An engagement ring is a special symbol in our culture. It is traditionally given by a man to a woman to pledge his commitment to a woman. The woman wears it as an acceptance of the man’s proposal to marry.
Anthropoligists believe that the tradition of engagement rings originated from a Roman custom where wives attached their engagement rings to their keys, indicating a husband’s ownership of them. In 1947, this trend became pricier when the diamond company De Beers launched its campaign “A Diamond is Forever.” The campaign implied that a marriage had the same depth, sparkle and durability of a diamond. It was forever.
Fast forward to 2003, when the Texas Court of Appeals in Austin had to decide who should have ownership of the engagement ring when a man and a woman decided that they did not, after all wanted to be committed forever. After six weeks of being engaged, the man/proposer ended the engagement with claims that the woman/proposee had a volatile temper and sexual hang-ups. He demanded his diamond ring back, to which the proposee refused. Then ensued litigation and refined Texas law for engagement ring ownership.
The first thing a Texas court would consider is whether there is an agreement in writing as to the return of the ring. Texas Family Code requires all promises agreements made in consideration of marriage to be in writing and signed by the party that would be obligated by the promise or agreement. While unlikely, if the proposer and proposee have a contract for the return of the ring if they broke off the engagement, a Texas court would enforce such a contract.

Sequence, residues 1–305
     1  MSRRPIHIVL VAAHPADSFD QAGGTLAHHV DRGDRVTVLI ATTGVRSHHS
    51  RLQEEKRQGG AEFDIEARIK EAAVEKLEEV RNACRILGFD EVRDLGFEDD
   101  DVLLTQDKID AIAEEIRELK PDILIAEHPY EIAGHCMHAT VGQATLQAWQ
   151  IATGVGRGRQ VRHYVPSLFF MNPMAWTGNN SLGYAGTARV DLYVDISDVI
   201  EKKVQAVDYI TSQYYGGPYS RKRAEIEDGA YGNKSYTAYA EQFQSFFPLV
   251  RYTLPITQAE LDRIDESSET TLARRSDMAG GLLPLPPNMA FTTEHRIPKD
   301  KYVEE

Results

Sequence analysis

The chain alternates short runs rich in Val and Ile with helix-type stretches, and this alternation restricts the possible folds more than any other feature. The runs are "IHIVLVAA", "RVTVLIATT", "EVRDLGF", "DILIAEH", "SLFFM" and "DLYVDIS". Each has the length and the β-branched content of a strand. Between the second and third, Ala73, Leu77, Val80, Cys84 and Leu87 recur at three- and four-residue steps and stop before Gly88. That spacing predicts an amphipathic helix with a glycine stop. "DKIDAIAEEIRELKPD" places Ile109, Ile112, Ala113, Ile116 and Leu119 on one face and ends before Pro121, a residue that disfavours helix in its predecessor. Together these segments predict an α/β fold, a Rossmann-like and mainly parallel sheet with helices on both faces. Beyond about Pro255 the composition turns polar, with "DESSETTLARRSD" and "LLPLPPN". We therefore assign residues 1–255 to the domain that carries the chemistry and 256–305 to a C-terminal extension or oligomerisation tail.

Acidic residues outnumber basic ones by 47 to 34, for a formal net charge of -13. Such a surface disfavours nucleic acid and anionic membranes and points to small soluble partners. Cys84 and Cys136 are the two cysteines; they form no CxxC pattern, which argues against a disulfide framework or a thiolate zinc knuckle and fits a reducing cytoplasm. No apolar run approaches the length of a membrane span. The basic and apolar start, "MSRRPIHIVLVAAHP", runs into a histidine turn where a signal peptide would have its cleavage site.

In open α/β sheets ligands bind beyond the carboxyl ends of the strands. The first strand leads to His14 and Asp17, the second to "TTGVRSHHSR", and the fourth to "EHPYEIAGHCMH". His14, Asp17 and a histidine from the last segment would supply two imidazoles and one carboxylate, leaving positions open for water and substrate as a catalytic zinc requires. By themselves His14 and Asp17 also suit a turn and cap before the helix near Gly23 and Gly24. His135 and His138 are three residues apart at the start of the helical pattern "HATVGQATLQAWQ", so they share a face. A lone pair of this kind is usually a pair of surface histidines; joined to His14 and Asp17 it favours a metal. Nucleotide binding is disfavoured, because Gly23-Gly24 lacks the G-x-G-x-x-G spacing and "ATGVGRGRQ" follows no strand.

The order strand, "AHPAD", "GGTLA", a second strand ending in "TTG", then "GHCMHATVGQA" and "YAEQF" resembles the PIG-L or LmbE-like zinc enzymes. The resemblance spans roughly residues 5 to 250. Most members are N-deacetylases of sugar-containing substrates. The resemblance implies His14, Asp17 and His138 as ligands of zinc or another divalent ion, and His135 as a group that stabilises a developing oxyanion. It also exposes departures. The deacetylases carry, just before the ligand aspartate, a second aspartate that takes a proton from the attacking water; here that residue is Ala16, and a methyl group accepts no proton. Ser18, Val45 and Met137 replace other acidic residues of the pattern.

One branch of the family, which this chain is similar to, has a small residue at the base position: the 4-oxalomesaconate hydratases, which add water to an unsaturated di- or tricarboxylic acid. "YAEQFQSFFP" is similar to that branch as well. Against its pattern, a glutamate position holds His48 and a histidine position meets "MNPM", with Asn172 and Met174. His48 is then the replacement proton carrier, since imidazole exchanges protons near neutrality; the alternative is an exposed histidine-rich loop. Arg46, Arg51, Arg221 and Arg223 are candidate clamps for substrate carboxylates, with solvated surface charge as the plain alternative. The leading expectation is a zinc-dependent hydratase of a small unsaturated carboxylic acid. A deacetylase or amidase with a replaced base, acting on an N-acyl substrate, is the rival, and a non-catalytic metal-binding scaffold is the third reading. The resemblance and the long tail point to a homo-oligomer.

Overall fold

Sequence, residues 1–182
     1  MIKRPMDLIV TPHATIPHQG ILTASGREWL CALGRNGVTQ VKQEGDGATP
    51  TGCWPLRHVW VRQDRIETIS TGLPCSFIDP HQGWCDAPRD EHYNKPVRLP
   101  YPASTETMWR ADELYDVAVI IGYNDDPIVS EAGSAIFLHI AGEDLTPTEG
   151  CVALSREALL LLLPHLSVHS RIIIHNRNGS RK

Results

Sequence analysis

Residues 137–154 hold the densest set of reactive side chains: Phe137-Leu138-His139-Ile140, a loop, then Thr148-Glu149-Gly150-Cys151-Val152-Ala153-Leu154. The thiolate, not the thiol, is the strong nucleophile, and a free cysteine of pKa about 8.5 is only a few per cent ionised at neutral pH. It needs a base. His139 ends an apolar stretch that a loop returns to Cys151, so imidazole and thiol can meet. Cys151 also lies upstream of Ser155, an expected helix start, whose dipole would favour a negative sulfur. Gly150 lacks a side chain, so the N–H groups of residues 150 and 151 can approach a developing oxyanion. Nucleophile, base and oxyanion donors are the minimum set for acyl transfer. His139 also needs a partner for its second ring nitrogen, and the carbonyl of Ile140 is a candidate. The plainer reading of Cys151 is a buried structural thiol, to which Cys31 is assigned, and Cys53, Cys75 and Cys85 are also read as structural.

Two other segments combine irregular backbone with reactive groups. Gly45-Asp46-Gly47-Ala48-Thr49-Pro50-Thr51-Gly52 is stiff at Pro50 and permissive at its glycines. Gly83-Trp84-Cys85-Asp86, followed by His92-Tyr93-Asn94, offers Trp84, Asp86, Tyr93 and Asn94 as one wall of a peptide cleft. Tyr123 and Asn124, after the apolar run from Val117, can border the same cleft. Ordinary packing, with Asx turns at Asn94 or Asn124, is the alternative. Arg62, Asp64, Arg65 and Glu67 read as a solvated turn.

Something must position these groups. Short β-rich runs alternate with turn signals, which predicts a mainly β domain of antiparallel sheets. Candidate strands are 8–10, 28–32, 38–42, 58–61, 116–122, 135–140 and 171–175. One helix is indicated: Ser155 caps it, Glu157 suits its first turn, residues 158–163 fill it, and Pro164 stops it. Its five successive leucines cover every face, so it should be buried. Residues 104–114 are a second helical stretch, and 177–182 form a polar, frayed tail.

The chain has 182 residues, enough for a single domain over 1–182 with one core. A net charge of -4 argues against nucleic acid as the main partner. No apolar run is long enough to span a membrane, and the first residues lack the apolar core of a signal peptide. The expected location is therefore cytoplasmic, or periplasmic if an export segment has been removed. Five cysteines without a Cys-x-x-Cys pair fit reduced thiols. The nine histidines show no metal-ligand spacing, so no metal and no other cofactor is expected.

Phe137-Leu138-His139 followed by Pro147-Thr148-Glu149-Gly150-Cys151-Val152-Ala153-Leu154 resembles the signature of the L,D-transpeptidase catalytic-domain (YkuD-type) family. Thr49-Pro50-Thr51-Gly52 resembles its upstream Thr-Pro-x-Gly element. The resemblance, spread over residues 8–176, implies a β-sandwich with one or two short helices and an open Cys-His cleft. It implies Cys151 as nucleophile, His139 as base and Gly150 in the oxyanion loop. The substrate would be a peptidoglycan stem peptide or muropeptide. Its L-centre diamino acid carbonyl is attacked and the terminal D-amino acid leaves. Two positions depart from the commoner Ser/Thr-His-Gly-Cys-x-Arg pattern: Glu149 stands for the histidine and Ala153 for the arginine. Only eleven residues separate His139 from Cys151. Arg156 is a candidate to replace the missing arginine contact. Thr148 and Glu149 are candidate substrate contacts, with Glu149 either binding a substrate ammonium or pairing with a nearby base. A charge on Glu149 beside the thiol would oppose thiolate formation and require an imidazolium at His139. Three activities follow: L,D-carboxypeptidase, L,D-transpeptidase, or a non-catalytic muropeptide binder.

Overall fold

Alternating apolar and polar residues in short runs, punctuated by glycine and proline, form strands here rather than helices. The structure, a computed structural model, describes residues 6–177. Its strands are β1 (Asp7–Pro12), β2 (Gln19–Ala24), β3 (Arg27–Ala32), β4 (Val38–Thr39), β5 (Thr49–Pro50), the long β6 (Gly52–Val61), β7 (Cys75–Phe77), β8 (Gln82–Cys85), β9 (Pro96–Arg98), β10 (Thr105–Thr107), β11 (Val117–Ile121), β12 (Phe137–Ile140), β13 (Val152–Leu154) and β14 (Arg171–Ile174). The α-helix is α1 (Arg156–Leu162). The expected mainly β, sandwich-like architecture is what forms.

Assuming there is no written contract (which really is likely), a Texas court would then consider who is at fault in breaking off the engagement. A party that is at fault in ending the engagement would have to lose the ring to the other party, because, after all, the other party was not the one defaulting on his/her commitment to marry.
So, in the 2003 case, the Court of Appeals held that the even though his reason for breaking off the engagement was the proposee’s alleged temper issues and sexual hang-ups, the proposer broke off the engagement while she stood on her commitment to marry. The proposer was thus, at fault, and the proposee had rightful ownership of the engagement ring. She could keep it, forever.
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Curtis v. Anderson, 106 S.W.3d 251 (Tex. App.—Austin 2003, pet. denied)